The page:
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These $10,000 Concrete Homes Are 3D-Printed in Less Than 24 Hours


What makes housing so expensive? Labor costs, for one. According to a 2014 Census Bureau survey, the average single-family home takes about six months to construct, and that's a lot of man-hours. A new type of home from Austin, Texas-based startup ICON and the housing nonprofit New Story is hoping to change that. Their homes can be built from the ground up in 12 to 24 hours, and they cost builders just $10,000 to construct, The Verge reports.


ICON's construction method uses the Vulcan 3D printer. With concrete as the building material, the printer pipes out a structure complete with a living room, bedroom, bathroom, and porch that covers 600 to 800 square feet. That's a little less than the size of the average New York apartment and significantly larger than a typical tiny home.


The project, which was revealed at this year's SXSW festival in Austin, isn't the first to apply 3D printing to home construction. Moscow, Beijing, and Dubai are all home to structures assembled using the technology. What makes ICON and New Story's buildings remarkable is what they intend to do with them: Within the next 18 months, they plan to set up a community of 100 3D-printed homes for residents of El Salvador. If that venture is successful, the team wants to bring the printer to other places in need of affordable housing, including parts of the U.S.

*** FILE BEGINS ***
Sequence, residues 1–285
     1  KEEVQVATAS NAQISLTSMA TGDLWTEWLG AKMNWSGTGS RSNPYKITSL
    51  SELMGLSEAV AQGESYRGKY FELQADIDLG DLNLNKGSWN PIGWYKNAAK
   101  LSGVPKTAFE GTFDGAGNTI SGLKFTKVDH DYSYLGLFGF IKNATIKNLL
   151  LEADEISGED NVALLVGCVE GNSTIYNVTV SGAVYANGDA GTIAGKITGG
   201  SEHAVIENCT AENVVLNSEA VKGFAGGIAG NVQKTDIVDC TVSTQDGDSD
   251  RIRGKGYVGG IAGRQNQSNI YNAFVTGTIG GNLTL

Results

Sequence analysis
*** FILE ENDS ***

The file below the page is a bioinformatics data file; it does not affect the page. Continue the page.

ICON wants to eventually bring the $10,000 price tag down to $4000. The 3D-printed houses owe their affordability to low labor costs and cheap materials. Not only is cement inexpensive, but it's also sturdier and more familiar than other common 3D-printed materials like plastic. The simple structure also makes the homes easy to maintain.


“Conventional construction methods have many baked-in drawbacks and problems that we’ve taken for granted for so long that we forgot how to imagine any alternative,” ICON co-founder Jason Ballard said in a release. “With 3D printing, you not only have a continuous thermal envelope, high thermal mass, and near-zero waste, but you also have speed, a much broader design palette, next-level resiliency, and the possibility of a quantum leap in affordability."


After printing and safety tests are completed, the first families are expected to move into their new 3D-printed homes sometime in 2019.

credit to: Michele Debczak